Virtual Schools and Colleges Newsletter - September 2012 Issue

Friday, 28 September 2012
Welcome to the September 2012 edition of the Virtual Schools and Colleges Newsletter

This edition of our 2012 newsletter contains a variety of articles and reports related to the use of ICT in secondary and post-secondary education for 14-21 year olds in Europe and elsewhere. The Virtual Schools and Colleges Newsletter is an outcome of the European project VISCED which is carrying out a systematic review of virtual schools and colleges at international and national levels including a study into operational examples of fully virtual schools and colleges.

You are very welcome to send us news about developments related to virtual schools and colleges in your region or country, share this newsletter with your colleagues and join us on the Virtual Schools and Colleges wiki.


The Portland Press Herald, a daily broadsheet with a circulation of about 50,000 and serving the largest and principal commercial city in the state of Maine recently published a highly controversial report on motives behind publicly funded virtual schools in the state claiming that Maine's digital education agenda is being guided behind the scenes by out-of-state companies that stand to profit on the changes and stating that the online education companies that wish to operate Maine’s virtual schools divert precious public education dollars into profits and dividends while providing education of dubious quality.

The Telefonplan School in Stockholm has taken a radically new approach to education that involves doing away with classrooms and grades and pioneering a system where students learn in groups at their level, not necessarily by age. The architect behind this school, Rosan Bosch, designed the school so children could work independently in open-spaces while lounging, or go to “the village” to work on group-projects.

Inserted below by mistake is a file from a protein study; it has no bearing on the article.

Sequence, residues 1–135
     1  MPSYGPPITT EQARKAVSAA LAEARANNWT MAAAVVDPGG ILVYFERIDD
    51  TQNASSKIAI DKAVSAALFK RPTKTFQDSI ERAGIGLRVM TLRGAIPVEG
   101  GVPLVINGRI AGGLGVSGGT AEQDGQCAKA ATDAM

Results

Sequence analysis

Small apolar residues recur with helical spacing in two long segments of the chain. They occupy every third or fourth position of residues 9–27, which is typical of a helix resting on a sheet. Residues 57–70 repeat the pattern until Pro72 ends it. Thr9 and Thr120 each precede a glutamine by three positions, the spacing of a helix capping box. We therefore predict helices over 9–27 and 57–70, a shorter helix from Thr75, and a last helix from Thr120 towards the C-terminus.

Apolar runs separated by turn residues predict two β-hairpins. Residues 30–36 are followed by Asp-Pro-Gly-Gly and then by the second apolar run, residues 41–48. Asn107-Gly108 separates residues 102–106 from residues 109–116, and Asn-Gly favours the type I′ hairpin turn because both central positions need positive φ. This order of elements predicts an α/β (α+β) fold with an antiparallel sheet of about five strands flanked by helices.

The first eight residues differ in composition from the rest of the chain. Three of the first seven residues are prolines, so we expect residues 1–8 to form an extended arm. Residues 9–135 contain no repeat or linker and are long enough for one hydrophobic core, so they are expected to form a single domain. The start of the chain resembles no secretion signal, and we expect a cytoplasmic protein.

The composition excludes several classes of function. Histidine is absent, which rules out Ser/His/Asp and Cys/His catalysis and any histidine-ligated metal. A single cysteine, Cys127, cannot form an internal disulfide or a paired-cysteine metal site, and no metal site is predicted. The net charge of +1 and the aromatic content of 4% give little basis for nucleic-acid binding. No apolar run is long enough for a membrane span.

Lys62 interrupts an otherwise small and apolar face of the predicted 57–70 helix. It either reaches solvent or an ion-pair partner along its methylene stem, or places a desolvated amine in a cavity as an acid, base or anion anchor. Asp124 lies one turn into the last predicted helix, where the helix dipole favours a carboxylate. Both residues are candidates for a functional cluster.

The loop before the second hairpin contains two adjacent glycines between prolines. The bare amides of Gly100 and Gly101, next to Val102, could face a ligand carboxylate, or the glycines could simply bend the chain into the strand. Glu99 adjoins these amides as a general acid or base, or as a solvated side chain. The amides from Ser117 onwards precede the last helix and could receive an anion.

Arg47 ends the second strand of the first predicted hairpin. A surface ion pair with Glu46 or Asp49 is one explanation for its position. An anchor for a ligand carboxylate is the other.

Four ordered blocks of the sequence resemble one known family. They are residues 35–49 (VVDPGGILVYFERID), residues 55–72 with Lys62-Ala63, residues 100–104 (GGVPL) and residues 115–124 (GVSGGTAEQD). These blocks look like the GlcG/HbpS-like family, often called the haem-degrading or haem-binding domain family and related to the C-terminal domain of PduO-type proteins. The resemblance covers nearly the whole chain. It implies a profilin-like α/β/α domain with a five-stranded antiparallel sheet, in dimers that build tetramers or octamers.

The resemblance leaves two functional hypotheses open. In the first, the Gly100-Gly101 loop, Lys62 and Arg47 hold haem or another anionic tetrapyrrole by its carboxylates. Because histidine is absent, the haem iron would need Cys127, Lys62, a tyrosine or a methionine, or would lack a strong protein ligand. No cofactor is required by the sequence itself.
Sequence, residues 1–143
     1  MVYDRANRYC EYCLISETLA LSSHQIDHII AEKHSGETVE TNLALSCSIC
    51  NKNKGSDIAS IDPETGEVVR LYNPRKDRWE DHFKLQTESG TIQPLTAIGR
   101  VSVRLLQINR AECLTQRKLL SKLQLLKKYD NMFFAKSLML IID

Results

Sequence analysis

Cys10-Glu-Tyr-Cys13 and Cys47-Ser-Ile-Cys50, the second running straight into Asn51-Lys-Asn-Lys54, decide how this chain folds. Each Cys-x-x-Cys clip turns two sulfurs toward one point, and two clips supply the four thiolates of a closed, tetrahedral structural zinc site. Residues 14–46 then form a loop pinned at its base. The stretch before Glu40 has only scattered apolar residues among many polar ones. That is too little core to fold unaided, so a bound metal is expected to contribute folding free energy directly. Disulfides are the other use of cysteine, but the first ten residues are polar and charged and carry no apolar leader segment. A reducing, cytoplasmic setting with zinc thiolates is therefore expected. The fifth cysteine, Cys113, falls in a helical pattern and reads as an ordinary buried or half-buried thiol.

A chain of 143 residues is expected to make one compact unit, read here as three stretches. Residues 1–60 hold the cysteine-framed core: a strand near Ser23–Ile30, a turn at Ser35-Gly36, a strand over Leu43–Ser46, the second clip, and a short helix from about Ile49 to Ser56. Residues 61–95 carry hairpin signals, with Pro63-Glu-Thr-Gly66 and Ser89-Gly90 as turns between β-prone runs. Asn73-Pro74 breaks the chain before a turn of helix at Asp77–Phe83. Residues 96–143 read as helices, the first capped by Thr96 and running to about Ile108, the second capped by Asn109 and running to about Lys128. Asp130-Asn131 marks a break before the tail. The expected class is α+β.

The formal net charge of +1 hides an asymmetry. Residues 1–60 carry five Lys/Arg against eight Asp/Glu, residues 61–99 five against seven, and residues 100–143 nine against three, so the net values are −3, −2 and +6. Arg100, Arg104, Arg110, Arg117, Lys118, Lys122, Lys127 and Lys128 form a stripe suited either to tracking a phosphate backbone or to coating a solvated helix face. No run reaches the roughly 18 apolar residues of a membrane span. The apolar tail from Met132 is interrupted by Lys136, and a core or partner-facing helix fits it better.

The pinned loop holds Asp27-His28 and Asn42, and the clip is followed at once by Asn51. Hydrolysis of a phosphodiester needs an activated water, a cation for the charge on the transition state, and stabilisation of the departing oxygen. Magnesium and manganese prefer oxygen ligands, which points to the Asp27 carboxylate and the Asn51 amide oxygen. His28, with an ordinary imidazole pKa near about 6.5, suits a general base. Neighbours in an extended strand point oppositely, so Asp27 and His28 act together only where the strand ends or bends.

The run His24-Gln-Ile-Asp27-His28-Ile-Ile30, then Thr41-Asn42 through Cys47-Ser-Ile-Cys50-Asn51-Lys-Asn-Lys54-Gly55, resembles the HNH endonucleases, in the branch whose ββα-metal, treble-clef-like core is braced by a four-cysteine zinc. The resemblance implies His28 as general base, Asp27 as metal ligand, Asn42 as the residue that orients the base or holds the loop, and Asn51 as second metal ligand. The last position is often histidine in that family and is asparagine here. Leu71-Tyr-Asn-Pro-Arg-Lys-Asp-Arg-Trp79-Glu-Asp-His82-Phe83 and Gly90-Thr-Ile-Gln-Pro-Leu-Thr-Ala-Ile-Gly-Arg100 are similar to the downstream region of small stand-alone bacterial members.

The Tekes funded FINNABLE 2020 is a value network project that creates new learning ecosystems which enable people to learn regardless of time and place.  The main aim of the project is to create and develop technologically enabled practices that bring added value to learning and teaching and foster social practices that connect learners to global collaboration, promoting life-long learning.

The Systemic Learning Solutions (SysTech) project promotes the learning and teaching of 21st century skills with the aid of Finnish educational know-how and technological learning solutions. The aim is to make systemic learning solutions an integral part of the Finnish education system as well as an essential part of Finnish education export. The goal is that systemic learning solutions are validated and implemented on a large scale into different educational systems.

The ELE project is shaping the foundation of the welfare society nationally and internationally. The Finnish educational system and teacher training at the University of Helsinki have created a strong foundation for Finland’s success in PISA evaluations. The project uses top scientific expertise to develop learning contents, physical spaces and services and networks with the help of new technology, creating a platform for distributing the Finnish equal-opportunity model of teaching and learning both nationally and internationally. You can find out more at the ELE project site.

A recent article in the Inland Valley Daily Bulletin reports on students' reactions to a highschool that combines virtual learning, face-to-face instruction and blended approaches with teachers in the classroom while a student is online in the same room. This new programme at Chaffey District Online High School offers the courses required for college preparedness in California, with the flexibility of allowing students to work at their own schedule with as much supervision and help as they need.

The Commission services (DG EAC) has launched a public consultation on "Opening up Education – a proposal for a European Initiative to enhance education and skills development through new technologies". This consultation is aimed at all stakeholders affected by education and training policies and systems, including school education, vocational education and training, higher education and adult education. Contributions are expected from public authorities, organisations and citizens. The consultation is available until 13 November 2012 - you can access it here.

The US state of Pennsylvania is witnessing the emergence of new partnerships that help cut costs for students attending one of the state's 13 cyber schools. A report in eSchool in late July highlighted the partnership which brings together The Learning Lamp and In-Shore Technologies who are now offering Blended Learning Technologies (BLT), which provides curriculum, teachers, hardware, and tech support for half the cost districts pay when a student enrolls in one the state’s 13 cyber charter schools.